that old chestnut! . . .
I don’t know if you have ever had roast chestnut dressing with Thanksgiving turkey, but I’ve been making it for over forty years. During that time, I have wrestled with probably a ton of these nuts, going from store to store to find ones that aren’t dried out or rotten inside. That is, if you can even get the peel off without the brown crusty skin sticking to the nutmeat so it’s not usable unless you scrape it out with a spoon. None of the roasting temperatures work including Martha Stewart’s recipe: slicing into the shell whether it’s an “X” or making a slit in the center to let steam out of the chestnut and roasting them in a hot oven for varying timetables from 20 minutes to an hour (!) just don’t work. They haven’t for me for years, which is why I start vetting chestnuts that I can find shortly after Halloween in order to harvest a small cache of tender nutmeats to use in the herb Pepperidge Farm crumb stuffing that I make double quantities of and serve with homemade turkey stock/gravy on top. Some years, the turkey itself seems peripheral to the roast chestnut stuffing and gravy which people love to eat the most.
This year, I had already gone through two sets of chestnuts purchased at the Stop and Shop and at Market Basket. The MB ones were peelable but were tough and tasteless out of the shell. I stuck them in a ziploc bag in the freezer anyhow, thinking I might be able to boil them later to make them more tender if I didn’t have anything else. The Stop and Shop group stuck to their brown fuzzy inner skins and I had only about half a cup of usable nutmeats after roasting and shelling them. That’s twelve dollars down the drain already. I waited to see if Trader Joe’s had chestnuts for sale because I remember last year that theirs were the best. Yesterday, I called TJ and they had just gotten their chestnuts in. I went down and bought two packs of Italian chestnuts, that brand solely available through Trader Joe’s.
In the meantime, I had gone on Youtube to see if people had success harvesting roasted chestnuts and what their methods were. I came across one that microwaved theirs for three minutes after rinsing in cold water first after slitting the shells. Then, I came upon one that made the most sense from a physics/chemistry perspective which also had a video showing roasted chestnuts popping out of their shells with hardly any human intervention.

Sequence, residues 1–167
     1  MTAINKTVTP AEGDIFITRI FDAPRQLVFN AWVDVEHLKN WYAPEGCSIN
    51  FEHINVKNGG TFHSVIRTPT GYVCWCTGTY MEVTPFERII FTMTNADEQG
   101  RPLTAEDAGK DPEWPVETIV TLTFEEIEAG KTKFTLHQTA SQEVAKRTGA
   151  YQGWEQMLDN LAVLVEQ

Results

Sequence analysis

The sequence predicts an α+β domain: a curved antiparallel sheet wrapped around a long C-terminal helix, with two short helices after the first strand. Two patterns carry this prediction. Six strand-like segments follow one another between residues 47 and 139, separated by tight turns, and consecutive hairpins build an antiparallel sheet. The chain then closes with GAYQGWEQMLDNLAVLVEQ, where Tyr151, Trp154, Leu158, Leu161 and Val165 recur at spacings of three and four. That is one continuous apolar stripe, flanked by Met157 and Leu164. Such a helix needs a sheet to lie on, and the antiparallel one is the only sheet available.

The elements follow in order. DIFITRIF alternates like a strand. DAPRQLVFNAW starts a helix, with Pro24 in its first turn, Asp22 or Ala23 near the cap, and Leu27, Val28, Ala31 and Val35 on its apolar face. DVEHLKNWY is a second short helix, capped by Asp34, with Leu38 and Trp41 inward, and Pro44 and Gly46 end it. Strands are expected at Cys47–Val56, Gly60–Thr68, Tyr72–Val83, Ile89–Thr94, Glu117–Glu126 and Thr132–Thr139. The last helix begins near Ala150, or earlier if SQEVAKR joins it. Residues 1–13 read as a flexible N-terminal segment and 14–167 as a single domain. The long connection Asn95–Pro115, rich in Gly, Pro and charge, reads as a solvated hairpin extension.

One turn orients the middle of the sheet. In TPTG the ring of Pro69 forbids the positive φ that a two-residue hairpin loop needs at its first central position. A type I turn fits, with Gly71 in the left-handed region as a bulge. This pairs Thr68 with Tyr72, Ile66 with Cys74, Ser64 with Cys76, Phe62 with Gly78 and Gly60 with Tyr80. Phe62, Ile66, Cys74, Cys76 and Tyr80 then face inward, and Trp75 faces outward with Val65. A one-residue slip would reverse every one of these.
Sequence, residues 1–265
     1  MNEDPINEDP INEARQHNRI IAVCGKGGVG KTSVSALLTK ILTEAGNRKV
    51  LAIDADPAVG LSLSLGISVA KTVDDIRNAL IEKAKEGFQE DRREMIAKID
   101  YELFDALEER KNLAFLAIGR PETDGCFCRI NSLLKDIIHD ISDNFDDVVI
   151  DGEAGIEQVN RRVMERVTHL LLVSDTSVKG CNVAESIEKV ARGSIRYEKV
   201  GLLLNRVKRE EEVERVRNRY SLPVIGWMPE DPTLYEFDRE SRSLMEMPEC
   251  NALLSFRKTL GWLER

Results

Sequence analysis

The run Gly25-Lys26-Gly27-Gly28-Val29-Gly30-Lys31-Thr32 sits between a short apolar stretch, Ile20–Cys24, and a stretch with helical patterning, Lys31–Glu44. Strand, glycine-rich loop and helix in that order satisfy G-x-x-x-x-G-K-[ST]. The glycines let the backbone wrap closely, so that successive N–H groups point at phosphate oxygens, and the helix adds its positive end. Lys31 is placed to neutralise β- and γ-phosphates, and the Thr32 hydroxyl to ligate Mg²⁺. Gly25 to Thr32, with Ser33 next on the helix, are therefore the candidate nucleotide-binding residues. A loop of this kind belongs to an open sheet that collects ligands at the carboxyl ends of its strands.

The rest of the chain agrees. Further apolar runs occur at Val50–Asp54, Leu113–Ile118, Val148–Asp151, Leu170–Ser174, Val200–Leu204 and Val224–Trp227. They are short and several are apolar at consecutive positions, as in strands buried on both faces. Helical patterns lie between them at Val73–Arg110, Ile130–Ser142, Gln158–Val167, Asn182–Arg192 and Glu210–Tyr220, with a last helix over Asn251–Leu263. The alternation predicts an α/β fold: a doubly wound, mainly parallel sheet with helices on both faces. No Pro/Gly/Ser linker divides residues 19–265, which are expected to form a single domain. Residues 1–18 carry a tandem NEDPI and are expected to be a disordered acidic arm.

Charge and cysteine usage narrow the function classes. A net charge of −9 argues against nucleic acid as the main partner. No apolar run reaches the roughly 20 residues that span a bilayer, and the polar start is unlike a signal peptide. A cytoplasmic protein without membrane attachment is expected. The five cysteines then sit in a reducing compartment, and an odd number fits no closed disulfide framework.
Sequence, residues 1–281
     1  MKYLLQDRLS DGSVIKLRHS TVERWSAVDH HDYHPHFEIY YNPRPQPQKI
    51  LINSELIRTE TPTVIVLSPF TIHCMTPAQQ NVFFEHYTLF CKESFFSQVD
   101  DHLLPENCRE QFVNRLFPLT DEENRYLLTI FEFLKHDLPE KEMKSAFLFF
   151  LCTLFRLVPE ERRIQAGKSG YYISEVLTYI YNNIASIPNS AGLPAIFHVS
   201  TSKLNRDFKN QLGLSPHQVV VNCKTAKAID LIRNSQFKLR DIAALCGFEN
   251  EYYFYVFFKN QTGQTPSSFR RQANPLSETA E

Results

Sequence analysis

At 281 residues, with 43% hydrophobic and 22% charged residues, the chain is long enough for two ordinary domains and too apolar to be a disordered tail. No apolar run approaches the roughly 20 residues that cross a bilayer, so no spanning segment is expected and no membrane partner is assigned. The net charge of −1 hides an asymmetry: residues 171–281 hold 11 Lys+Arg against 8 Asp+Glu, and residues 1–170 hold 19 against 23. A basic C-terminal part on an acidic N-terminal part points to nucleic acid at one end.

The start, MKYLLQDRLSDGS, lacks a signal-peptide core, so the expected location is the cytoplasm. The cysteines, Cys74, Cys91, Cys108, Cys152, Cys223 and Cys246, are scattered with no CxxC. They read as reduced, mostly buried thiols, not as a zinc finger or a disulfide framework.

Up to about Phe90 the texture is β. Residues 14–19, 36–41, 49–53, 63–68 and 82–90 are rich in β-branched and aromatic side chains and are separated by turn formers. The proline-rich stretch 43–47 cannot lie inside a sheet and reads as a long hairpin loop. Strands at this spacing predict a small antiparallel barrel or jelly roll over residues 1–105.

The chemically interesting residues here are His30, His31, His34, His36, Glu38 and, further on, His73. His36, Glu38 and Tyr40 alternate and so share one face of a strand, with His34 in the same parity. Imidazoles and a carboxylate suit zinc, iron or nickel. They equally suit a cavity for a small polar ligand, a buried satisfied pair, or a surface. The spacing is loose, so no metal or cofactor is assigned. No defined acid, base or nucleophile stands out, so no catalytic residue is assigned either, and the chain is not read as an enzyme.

This method required cutting down each side of the chestnut with a sharp knife. I used a serrated paring knife–and cut them on a layer of soft kitchen towel, otherwise the nuts slip around on a cutting board and you could injure yourself. Having sliced the chestnut down either side, then placed the chestnuts into a large pot of cold water and which I brought to a rolling boil. Let the chestnuts sit in the pot off the heat for twenty minutes. Already, a couple of them had opened up to show a nut inside free of the brown skin, a very good sign. The final step of this method was to then roast them in a preheated oven set at 400 degrees for 20-35 minutes (start checking them after 20 minutes,) placing the still wet chestnuts on a cookie sheet.
The combination of a) slitting the chestnuts open (long cuts all the way down each side) sufficient for water to enter and permeate the shell, b) parboiling them so that hot water entered the slits inside the chestnuts to loosen the brown skin from the nut; and then c) baking the wet chestnuts in a very hot oven for the final actual roasting step provided extra insurance that the whole thing pops out of the shell at the end of the process.
Because we are so fond of roasted chestnuts to eat, as well as to have in our turkey dressing, this three-part invention for harvesting chestnuts is a Godsend. It also requires, however, that you buy good chestnuts to begin with. I’ve found that loose ones in grocery stores a week before Thanksgiving are often dried out and have rotten parts in more than half of the ones that you buy. Trader Joe’s chestnuts from Italy are the ONLY ones that I have found that are not that way. So, if you want to save a lot of money ($5.99 a pound!) perhaps you’d like to try theirs.
If it works, I’m happy that we’ll be able to eat chestnuts forevermore instead of giving up on them, which is where I was after the second batch of unsuccessful batch last week–and together with other winter fruit like tiny juicy clementines & persimmons you have to buy to ripen on the windowsill that make the Fall a wonderful season of Thanksgiving that keeps on going through the Winter holidays.
And this little experiment reminds me that “Where there’s a will, there’s always (another) way!”
Thank you, Youtube!